Nestled between ‘The Laws of Gods and Men’ and ‘The Mountain and The Viper’ is this curious little episode; a quiet interlude from the intense filibustering that proceeds it and the bloodshed that follows. It’s an episode intended to establish and re-establish the goals of our characters and set them on their intended path for the rest of the season. As such, without the distraction of epic battles and shocking plot twists (for the most part), one’s enjoyment of this episode is dependent on how much you relish spending time with each subset of character pairings.
So I’ve decided to simply post 2 mini-reviews every fortnight for Game of Thrones. I know I called them mini-reviews last time and they were each about as long as a Song of Fire and Ice book, but this time I’m going try to be…dear God…..succinct (yeah, you’re right, it won’t happen). Continue reading →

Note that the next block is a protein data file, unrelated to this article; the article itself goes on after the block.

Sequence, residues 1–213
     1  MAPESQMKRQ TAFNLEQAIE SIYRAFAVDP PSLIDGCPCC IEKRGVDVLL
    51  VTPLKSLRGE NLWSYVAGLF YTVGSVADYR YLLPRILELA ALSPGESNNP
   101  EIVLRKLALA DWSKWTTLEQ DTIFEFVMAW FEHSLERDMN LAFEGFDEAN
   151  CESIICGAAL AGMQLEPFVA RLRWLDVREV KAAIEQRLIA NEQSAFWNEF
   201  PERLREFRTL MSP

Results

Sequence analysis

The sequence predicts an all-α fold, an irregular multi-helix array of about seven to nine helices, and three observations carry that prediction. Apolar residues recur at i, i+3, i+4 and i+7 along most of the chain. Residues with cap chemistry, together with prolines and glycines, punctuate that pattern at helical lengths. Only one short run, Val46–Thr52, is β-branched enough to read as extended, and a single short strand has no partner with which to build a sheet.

I noted in my review of Mad Men’s season 7 premiere that compared to Mad Men, shows like Breaking Bad and Game of Thrones are less thematically driven and more story oriented. This generalisation does something of a diservice to the way Benioff and Weiss shape the individual chapters of their Game of Thrones saga. Undoubtedly Mad Men doesn’t have the same narrative drive and sprawling scope of Game of Thrones, but neither is Game of Thrones simply a series that moves characters from A to B (very slowly) in order to fulfil the endgame of a complicated narrative structure. In the moments between the beheadings and wedding ceremonies, Game of Thrones episodes are cleverly composed to create, if not thematic unity, then at least a sense of cohesion that stops the show from becoming a series of disparate vignettes that just happen to take place in the same universe.